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Role of fungal infections and yeast/ sugar sensitivity in chronic illness

A significant percentage of the population with otherwise healthy immune systems are vulnerable to fungal infections e.g. recurrent thrush, Athlete’s Foot/fungal nail infection, seborrhoeic dermatitis (dandruff). These infections are harmless to the majority of people but in a significant minority may be associated with a variety of conditions e.g. Irritable Bowel, Sinusitis, Asthma, hormonal imbalance (pre-menstrual tension), adult Acne and Urticaria. Other symptoms may include reduced energy levels, mood changes and reduced memory and concentration.

In the 1980s this became popular as “Candida Syndrome” but unfortunately fell into some disrepute due to over diagnosis and extreme diets. An individually selected treatment programme of Diet, Supplements and appropriate anti-fungal medication can be of significant benefit.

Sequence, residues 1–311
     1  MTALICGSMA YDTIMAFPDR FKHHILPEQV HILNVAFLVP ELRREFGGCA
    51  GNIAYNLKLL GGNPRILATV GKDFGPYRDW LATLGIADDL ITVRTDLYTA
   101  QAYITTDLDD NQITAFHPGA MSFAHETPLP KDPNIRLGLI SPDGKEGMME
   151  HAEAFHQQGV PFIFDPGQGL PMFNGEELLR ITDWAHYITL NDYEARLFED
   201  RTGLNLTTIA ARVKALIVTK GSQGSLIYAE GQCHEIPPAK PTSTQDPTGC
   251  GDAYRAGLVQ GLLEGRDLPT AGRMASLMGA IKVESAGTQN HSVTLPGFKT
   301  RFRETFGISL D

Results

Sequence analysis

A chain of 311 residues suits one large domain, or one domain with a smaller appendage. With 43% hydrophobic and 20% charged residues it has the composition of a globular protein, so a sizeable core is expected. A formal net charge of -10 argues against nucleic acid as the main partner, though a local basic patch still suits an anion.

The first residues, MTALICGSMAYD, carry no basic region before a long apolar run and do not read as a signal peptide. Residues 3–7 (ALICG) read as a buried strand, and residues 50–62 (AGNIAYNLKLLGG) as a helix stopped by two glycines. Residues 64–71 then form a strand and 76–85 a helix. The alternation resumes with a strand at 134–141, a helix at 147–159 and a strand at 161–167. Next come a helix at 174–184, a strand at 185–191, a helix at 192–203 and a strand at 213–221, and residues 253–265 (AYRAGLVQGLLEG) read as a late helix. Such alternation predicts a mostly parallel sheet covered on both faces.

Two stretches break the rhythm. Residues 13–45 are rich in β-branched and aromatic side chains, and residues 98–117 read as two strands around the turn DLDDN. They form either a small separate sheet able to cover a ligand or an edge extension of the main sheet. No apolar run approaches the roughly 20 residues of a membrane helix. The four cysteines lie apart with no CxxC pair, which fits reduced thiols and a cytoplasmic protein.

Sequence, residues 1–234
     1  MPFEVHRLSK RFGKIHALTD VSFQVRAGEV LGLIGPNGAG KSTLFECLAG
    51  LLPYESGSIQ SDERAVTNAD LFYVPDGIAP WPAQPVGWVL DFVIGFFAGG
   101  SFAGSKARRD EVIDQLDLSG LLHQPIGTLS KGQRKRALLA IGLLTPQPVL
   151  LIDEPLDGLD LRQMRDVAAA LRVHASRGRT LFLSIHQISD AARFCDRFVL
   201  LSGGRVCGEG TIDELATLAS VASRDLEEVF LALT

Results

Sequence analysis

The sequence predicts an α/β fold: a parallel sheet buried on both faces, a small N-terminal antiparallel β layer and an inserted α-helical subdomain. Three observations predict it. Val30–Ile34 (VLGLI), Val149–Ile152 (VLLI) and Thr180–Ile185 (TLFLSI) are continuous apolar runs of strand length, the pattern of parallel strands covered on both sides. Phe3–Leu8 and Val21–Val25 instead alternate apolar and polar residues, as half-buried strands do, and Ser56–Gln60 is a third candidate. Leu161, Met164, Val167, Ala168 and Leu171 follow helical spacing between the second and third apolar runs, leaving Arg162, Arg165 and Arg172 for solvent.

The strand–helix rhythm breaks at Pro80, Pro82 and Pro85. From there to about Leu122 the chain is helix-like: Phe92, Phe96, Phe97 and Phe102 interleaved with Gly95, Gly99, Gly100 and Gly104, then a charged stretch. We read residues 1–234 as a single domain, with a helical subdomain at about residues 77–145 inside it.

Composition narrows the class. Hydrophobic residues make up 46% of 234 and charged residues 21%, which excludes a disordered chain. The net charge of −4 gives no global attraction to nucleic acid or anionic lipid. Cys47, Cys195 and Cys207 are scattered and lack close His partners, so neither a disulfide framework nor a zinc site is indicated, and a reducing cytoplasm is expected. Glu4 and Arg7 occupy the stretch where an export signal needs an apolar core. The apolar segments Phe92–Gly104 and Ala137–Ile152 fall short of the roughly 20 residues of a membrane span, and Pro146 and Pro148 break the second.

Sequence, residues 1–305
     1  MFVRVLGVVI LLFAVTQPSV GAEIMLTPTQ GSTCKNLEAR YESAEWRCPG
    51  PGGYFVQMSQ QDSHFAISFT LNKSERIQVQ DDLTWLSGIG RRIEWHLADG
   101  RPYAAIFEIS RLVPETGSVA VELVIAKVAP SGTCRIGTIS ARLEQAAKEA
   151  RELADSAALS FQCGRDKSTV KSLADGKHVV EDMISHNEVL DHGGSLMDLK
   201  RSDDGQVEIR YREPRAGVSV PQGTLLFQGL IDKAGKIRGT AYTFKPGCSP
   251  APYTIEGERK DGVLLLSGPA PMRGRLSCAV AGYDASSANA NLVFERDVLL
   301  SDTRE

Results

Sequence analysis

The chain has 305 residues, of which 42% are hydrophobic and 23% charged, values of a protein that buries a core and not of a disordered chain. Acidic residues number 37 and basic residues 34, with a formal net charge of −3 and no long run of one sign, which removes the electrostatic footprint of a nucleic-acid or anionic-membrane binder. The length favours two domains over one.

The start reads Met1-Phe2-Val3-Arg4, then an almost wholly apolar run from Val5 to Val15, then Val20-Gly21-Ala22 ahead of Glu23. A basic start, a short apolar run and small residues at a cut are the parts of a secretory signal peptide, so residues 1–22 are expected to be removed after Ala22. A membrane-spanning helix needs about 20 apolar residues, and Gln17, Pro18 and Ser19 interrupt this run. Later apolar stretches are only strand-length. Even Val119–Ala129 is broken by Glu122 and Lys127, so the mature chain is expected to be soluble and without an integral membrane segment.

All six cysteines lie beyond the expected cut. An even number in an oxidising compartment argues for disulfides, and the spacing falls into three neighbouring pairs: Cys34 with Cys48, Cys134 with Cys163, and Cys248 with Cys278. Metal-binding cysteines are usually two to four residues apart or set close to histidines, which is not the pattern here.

Connection between Coeliac Disease, Gluten sensitivity and Wheat Allergy.

A gluten free diet has become particularly popular in the last few years and has brought considerable benefit to many people. However, it is important to make the distinction between the different conditions:

a. Coeliac Disease is an immune reaction to the gliadin fraction of wheat, barley, oats and rye. This is determined by a blood test (approx. 90% accurate) or biopsy if indicated. This is a lifelong diet in view of the increased incidents of bowel disease later on.

b. Wheat allergy is generally more acute onset and can be diagnosed with either skin prick testing (SPT) or blood test. There are different causes of wheat intolerance/sensitivity and no one test will cover this. As with any allergy or sensitivity, diagnosis is based on a full history, testing and evaluation of response to elimination and systematic challenge. This avoids unnecessary dietary restriction.

c. Gluten sensitivity. This involves elimination of wheat, barley, oats and rye. Gluten should be eliminated for a defined period depending on symptoms and confirmed by individual challenge of the four grains involved. This will confirm whether it is an overall gluten problem or individual grains e.g. wheat.

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